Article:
Cancer has the potential to spread and cause additional tumors to grow in other parts of the body, separate from the original tumor site. When a cancerous tumor grows, it sheds cancer cells into the lymphatic system and into the blood. Many and sometimes all of the cancerous cells that are shed are destroyed by our immune system or by other mechanisms and do not spread.
However, sometimes the cancerous cells do spread. This is why catching cancer at an early stage provides a better chance of cure. As tumors grow in size more and more cells are shed, and once spread to lymph nodes or distant organs has occurred, the chance of cure decreases.
Different tumor types tend to spread to specific lymph nodes and organs. There is no certainty about where any given type of cancer can spread. For the cancer to spread to a particular lymph node or distant organ, a hospitable environment that supports the growth of that particular tumor must exist.
In addition, a set of receptors on normal cells of the distant organ is typically necessary for the cancerous cells to latch onto and take hold. If a cancer spreads to a distant organ, such as a colon cancer spreading to the liver, the cancer is still called colon cancer. It is not then called colon cancer and liver cancer.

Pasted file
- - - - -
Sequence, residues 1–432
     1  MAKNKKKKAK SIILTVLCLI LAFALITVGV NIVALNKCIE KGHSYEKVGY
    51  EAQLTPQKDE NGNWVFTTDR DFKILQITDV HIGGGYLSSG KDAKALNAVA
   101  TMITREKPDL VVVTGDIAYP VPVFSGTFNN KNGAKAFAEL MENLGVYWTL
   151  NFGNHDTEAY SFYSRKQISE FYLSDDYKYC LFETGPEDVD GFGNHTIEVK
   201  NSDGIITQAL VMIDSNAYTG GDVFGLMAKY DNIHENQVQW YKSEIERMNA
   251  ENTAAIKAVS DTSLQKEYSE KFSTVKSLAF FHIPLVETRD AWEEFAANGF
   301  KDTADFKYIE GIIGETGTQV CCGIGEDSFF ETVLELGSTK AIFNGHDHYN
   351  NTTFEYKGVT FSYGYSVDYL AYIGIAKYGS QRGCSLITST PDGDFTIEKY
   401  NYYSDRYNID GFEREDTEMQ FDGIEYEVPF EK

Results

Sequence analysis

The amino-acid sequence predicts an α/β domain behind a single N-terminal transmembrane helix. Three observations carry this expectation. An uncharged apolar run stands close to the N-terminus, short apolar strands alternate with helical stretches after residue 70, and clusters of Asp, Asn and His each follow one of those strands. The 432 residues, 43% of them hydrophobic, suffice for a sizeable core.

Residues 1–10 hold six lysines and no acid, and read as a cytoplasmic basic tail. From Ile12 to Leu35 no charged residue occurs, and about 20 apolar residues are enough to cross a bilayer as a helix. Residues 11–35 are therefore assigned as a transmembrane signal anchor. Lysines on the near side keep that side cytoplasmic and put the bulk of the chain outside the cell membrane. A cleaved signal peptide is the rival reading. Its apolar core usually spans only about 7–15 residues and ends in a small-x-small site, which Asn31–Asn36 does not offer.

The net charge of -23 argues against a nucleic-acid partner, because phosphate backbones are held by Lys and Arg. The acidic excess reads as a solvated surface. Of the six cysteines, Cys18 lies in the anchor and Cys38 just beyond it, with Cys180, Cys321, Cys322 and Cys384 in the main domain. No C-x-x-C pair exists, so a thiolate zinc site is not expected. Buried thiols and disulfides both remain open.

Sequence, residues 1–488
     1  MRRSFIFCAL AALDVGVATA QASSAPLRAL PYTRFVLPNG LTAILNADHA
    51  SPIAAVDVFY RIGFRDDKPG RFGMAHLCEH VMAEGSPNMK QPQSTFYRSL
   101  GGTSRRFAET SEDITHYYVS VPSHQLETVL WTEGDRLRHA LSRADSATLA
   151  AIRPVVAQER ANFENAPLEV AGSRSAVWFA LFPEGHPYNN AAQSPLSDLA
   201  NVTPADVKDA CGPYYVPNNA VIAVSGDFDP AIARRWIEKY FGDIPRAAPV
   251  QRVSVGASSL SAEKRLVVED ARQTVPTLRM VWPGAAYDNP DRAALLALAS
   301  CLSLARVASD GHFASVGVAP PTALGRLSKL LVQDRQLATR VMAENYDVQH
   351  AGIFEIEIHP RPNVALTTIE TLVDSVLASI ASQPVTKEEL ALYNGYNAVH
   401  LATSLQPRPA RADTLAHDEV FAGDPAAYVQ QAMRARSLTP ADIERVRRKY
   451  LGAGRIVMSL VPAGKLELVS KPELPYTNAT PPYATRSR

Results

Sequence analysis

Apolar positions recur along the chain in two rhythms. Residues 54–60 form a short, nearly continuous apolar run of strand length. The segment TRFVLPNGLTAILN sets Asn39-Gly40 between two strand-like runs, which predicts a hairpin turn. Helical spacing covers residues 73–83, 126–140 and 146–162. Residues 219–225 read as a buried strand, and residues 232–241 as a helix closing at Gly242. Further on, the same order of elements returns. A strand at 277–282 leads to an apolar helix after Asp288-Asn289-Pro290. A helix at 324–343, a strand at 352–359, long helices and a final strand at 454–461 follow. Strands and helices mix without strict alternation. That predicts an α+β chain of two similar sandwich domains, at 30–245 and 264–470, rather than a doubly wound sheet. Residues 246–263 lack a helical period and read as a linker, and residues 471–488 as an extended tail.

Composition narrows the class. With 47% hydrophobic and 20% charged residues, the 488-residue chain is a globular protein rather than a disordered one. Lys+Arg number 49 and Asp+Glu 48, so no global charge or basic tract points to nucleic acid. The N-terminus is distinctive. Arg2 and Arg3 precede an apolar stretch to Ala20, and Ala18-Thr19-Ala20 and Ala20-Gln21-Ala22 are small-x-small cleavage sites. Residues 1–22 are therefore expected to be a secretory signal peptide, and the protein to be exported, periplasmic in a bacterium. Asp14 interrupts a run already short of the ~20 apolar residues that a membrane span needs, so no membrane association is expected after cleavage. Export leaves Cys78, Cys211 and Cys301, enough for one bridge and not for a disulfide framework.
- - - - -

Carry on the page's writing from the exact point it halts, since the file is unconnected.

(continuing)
The lymphatic system is an interconnected series of lymphatic vessels similar to a system of blood vessels. This system moves lymph, which is a fluid that travels within the lymph system, to and through the hundreds of lymph nodes throughout the human body.
The lymphatic system is part of your immune system and is designed to filter infectious agents and cellular waste. Most cancerous tumors shed cancerous cells first to lymph nodes closest to the tumor. There are instances when cancerous cells can get into lymph nodes that are distant from the original tumor. If the cancerous cells are not destroyed in the lymph node, they can take up residence within one or more lymph nodes allowing new tumors to grow within the lymph nodes.
When metastasis to distant organs occurs, the chance for cure is typically much lower. Many factors determine whether new tumors can form in any number of distant organs. Spread to distant organs is not a random process.
As described above, for metastasis to occur, there needs to be a hospitable environment in which the tumor cells can grow. In addition, the cancerous cells typically attach to specific receptors on the normal cells of the distant organ where they take hold and form a metastatic tumor in that organ. For most cancer types, there tend to be specific organs where metastases are likely to occur. A common organ where a variety of cancers can spread is the liver. The liver is a common site treated by hyperthermia.
Hyperthermia is a local therapy that treats specific sites of tumors in the body. It can be combined with chemotherapy or other systemic therapies as well as with radiation therapy to treat lymph nodes or distant organs where cancer has spread. Improving your therapeutic regimen leads to the best outcome.
For all patients, the goal is to choose the right therapy or combination of therapies that leads to the best outcome while minimizing side effects. Adding hyperthermia can maximize the effectiveness of your therapeutic regimen without risking sensitive surrounding organs. And hyperthermia often has no or minimal side effects and has no known adverse effects on normal tissue.